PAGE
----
Every year businesses and organizations everywhere set aside time for strategic planning sessions. It is the perfect occasion to put a shine on the business’ vision and adjust its direction. In some cases it is little more than an afternoon in the conference room with coffee and cookies. In other cases it’s an off-site weekend away affair complete with break-out sessions and social activities.
Regardless of the event structure, strategic planning is an important function for all the stakeholders of a company. Stakeholders are everyone who benefits from, or is concerned with, an enterprise. Even a home-based business owner needs to set aside time to come to accounts with past and current functions and weigh those against future needs and aspirations.
Strategic planning sessions or retreats should involve both big picture overview as well as detailed action planning. These exercises are necessary in order to set goals and milestones that are real and achievable. These sessions are as valid for a non-profit philanthropic organization as for a for-profit company.
- goal: objective or target – has specific language and target date
- milestone: sub-objectives that indicate where you are on the road to the goal
In all cases there are basic questions that should be addressed in 4 key categories:
- the business itself
- the business’ offerings
- the business’ customers
- the business’ future
1. Questions to ask and consider about The Business:
- Who is your company? Who are the principle players? The stakeholders?
- What is the declared purpose of your business? Are you a for-profit enterprise? Are you a non-profit organization with a philanthropic base? Is the purpose at the core of your vision larger than its details?
- What do you hope to achieve?
- What differentiates your business from another that is similar? What is your uniqueness?
- Is your business small? Independently owned? Relatively low volume of sales?
- Is your business large? Multiple layers of organization? Board of directors? Stock holders?
- Do you know how big (or small) you want or desire your business to be? Do you want a business large in annual profit margin? Large in philanthropic outreach? Big in the numbers of people it touches?
- Is your business a manufacturer? Distributor? Supplier? Service provider?
- Are you meeting the needs of your employees? How do you know? What do you have in place that tells you?
- Who benefits from your business’ daily operations and in what ways?
2. Questions to ask and consider about the Business’ Offerings:
- Can you describe your products and services? Do you know when to add improvements? Do you know when to retire a product or service?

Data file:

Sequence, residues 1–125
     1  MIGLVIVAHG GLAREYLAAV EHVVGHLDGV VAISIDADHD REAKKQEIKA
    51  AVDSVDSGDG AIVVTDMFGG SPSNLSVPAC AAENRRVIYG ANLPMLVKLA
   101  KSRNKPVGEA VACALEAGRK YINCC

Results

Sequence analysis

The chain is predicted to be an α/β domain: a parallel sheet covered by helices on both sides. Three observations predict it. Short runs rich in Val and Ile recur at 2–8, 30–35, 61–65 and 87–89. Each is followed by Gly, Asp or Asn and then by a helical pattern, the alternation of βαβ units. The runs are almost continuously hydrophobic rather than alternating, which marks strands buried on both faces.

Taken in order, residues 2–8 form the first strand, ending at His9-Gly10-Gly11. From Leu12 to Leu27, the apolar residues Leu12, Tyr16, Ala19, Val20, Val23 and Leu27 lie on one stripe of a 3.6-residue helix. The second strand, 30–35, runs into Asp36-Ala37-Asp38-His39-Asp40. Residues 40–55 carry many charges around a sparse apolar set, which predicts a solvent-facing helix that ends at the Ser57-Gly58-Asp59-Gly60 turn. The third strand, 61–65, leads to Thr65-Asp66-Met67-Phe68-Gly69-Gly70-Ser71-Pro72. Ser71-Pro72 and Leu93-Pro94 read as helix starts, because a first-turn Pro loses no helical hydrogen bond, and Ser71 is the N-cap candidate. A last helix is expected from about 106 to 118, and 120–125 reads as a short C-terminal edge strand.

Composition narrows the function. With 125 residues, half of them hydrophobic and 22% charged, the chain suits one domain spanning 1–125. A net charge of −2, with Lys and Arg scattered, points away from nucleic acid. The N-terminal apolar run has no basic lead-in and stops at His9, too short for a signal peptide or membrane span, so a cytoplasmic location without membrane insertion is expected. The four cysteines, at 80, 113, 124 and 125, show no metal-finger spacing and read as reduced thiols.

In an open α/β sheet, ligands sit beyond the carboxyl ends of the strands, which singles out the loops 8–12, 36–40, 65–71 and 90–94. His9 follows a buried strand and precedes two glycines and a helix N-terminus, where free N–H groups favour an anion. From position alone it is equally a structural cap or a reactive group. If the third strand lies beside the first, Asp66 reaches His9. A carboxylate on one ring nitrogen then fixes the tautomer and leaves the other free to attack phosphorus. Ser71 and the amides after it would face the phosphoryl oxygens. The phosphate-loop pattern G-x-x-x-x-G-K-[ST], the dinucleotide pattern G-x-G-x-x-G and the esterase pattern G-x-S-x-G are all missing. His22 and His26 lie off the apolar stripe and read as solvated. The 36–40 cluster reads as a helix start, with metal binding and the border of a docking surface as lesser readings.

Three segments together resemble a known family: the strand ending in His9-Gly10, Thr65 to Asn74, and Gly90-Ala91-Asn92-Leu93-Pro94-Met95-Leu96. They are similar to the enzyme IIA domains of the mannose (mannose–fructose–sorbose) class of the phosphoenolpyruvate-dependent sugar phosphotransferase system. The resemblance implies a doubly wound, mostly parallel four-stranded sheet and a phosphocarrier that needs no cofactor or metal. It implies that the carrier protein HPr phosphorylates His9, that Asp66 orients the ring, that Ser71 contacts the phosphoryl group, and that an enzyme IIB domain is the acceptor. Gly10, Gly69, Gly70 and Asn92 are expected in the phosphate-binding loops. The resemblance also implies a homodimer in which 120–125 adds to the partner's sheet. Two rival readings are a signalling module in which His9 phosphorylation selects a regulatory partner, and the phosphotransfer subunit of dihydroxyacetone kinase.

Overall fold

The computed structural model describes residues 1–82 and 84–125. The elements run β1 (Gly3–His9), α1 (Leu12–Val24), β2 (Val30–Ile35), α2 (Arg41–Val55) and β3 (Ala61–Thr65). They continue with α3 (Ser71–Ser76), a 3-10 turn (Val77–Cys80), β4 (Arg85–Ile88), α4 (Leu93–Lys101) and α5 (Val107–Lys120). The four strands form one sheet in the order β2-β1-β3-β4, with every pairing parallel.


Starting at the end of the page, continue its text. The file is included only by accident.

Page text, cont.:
- Who benefits from your products or services? Do you know what your products/services’ intrinsic values are? Their perceived value from your customers’ points of view?
- Who are your competitors?
3. Questions to ask and consider about the Business’ Customers and Clients:
- Does your business have non-profitable users? – these are people/entities that use the services of your business but do not pay for the service. There is no profit realized from users. Do you know why this would be an advantage for your business?
- Who are your paying customers? Do you know where they are? Do you know all the ways in which you can communicate with them?
- How do you know you are meeting your customers’ needs?
- Can your customers find you easily? Communicate with you easily? Is it time for an internet presence? Is it time to offer both in-person point-of-sale and online website purchasing?
- Are your customers aware of all your purchasing policies (everything from delivery and shipping issues to refunds and returns)?
- Why should your customers/clients care about your products/services? Your company as an entity?
4. Questions to ask and consider about the Business’ Future:
- Where do you want to go? Do you have an ideal picture of what your business or organization can be?
- Is growth part of your plan? Does your business have the ability to grow from small to large? How would this be measured? Is the risk worth the expanse plans?
- How will you take the next step of growth?
- Is it time to downsize? To diversify?
- Do you have a road map of strategies to get you where you want to go? Simplistically, do you know where you want to be in one year’s time? – in terms of staff? In terms of profitability? In terms of marketplace position?
- What does your company give back? To its employees? Its other stakeholders? The community-at-large?
- How do you measure/celebrate milestones?
- How do you know you are on track with your business plan?
Knowing which questions to ask in a strategic planning session can help facilitate the expectations and goals of the session and make the entire process more valuable to all participants. It’s also good to be reminded that every part of a business needs to be assessed and dusted off periodically…life doesn’t stand still and neither should your business.